Living in the city or growing up in one can affect brain function during a stressful situation, a brain imaging study has found.

The world is becoming more urbanized, with almost 70 per cent of people expected to live in urban areas by 2050, according to projections by the United Nations.

Studies suggest that living in a city increases the risk of depression and anxiety, and that schizophrenia rates are higher in people born and brought up in cities. But until now, there hasn't been research into how human brain structures might be affected by urban living.

To that end, researchers at McGill's Douglas Mental Health University Institute in Montreal and the University of Heidelberg in Germany used MRIs to study brain responses of healthy German students who were taking a math test under stressful conditions.

Study participants faced time pressure and in some cases they had investigators scolding them through headphones.

When exposed to those stressful conditions, two areas of the students' brains that are known to be involved in processing emotions became more active, the researchers reported in Wednesday's online issue of the journal Nature.

Brain more active

Specifically, the brain's amygdala was more active in those who lived in cities, and the perigenual anterior cingulate cortex, or pACC, was more active in those who had been brought up in cities, the researchers found.

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"Our results identify distinct neural mechanisms for an established environmental risk factor, link the urban environment for the first time to social stress processing, suggest that brain regions differ in vulnerability to this risk factor across the lifespan," Jens Pruessner of McGill and his co-authors concluded.

"The findings contribute to our understanding of urban environmental risk for mental disorders and health in general."

In the study, a city was defined as more than 100,000 inhabitants, a town as more than 10,000.

Since the researchers couldn't find any difference by type of city — between high-density cities and those with a lot of green space, for instance — they believe the overall social stresses associated with living in urban areas are the key, Pruessner said.

He said the findings might point to the importance of taking time away from the hustle and bustle. 

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Areas of the brain involved in fear, stress and anxiety were more active in the brains of city people. (CBC)

"I think what's important is to realize that you might be more exposed to a higher amount of social stress if you live in the city," Pruessner said. "Therefore you should account for that by giving yourself more chances to take a vacation and pause from the stress, to find times for recreation."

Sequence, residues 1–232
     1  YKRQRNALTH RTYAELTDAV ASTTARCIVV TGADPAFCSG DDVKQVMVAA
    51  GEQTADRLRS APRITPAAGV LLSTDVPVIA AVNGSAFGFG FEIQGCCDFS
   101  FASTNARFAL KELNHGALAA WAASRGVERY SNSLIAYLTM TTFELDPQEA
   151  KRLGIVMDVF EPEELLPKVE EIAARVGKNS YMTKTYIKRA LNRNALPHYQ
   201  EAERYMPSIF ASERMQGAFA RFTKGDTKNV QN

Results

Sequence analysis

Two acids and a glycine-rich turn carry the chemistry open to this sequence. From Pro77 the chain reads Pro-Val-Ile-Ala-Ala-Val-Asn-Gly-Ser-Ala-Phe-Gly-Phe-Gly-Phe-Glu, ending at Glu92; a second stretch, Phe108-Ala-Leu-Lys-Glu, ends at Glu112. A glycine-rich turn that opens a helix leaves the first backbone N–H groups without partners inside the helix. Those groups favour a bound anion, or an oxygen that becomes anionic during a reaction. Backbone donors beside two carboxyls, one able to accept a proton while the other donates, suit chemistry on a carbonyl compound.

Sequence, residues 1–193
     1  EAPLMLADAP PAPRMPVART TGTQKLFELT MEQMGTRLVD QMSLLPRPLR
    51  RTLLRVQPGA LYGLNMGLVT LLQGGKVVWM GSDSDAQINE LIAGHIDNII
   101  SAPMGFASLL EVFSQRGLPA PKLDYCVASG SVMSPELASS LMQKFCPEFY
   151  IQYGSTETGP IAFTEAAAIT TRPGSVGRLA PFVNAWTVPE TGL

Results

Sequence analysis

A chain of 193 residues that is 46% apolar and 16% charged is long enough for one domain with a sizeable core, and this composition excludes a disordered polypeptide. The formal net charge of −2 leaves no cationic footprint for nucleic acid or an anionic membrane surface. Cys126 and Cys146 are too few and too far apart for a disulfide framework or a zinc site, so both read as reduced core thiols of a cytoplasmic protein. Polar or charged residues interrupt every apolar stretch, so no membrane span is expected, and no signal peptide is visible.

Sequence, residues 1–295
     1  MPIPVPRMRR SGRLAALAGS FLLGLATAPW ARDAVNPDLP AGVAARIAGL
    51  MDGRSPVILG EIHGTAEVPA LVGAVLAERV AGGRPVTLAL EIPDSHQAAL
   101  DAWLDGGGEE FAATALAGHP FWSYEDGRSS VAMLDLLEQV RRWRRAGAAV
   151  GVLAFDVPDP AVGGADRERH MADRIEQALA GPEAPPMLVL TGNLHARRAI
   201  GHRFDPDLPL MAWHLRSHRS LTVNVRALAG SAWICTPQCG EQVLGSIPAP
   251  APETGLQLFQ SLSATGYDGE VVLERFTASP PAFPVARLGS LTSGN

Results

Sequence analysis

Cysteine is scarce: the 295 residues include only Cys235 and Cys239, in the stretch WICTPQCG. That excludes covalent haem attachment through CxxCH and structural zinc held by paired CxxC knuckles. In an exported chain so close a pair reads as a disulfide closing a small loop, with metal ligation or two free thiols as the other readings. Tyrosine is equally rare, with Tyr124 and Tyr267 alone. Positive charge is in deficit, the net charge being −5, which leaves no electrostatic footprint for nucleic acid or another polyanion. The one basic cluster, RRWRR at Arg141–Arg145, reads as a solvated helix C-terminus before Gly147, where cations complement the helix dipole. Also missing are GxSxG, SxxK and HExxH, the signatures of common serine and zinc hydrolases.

The final analysis included 32 healthy participants with rural as well as urban upbringing.

The study cannot prove a cause and effect relationship, and since the subjects grew up in the relative prosperity of Germany, the findings may not apply elsewhere, the researchers said in acknowledging limitations of the study.

'Mysterious mechanism'

The participants were also not randomized and they were mainly college students, which also limits how the findings could be applied to other populations.

An enormous number of factors could influence the results. The authors took age, education, marital and family status and aspects of health, mood, personality and social support into account.

"None of these factors significantly influenced the effects … suggesting that living in a city environment changes brain response during a social stressor by a distinct, although mysterious, mechanism," Daniel Kennedy and Ralph Adolphs of the California Institute of Technology in Pasadena said in a journal commentary.

"Given the world's increasing population, the fact that we will be living mostly in cities is inescapable. This highlights the importance of understanding the effects that such living conditions will have on human mental health."

It is too early to draw conclusions on what the results could mean for mental illness, said Elizabeth Phelps of New York University, an expert in emotion and the brain who wasn't involved in the study.

"This will raise a lot of interest in this idea. Whether or not it pans out in future research, who knows, but I think it's worth investigating," she said.

In the case of schizophrenia, scientists suspect that both genetic and environmental factors are involved. The new findings point to the social stresses of city living.

"We've all known that there has to be something else involved that triggers the onset of schizophrenia, and it's called stress," said Chris Summerville, the chief executive officer of the Schizophrenia Society of Canada in Winnipeg. "So if have higher levels of stress in urban areas, then it stands to reason you would probably have higher levels of schizophrenia."

The findings did not come as a surprise to a man rushing for a commuter train in Toronto.

"Seriously, if you lived in the country and you didn't have to deal with the traffic and trains and all the noise, I think you would be a calmer person," said David Smith.

In contrast, David Hine, who now lives in the small community of New Ross, N.S., after living in cities and towns, said there is a greater sense of connectedness in rural life.

"In the ups and downs of life, it's nice to have the security and support of a community," Hine said.

The study was funded by the European Community’s Seventh Framework Program, the German Research Foundation, and the Federal Ministry of Education and Research in Germany. 

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The research is featured on the cover of this week's issue of the journal Nature. (Courtesy of Nature)

With files from CBC's Melanie Glanz, Leslie McLaren and The Associated Press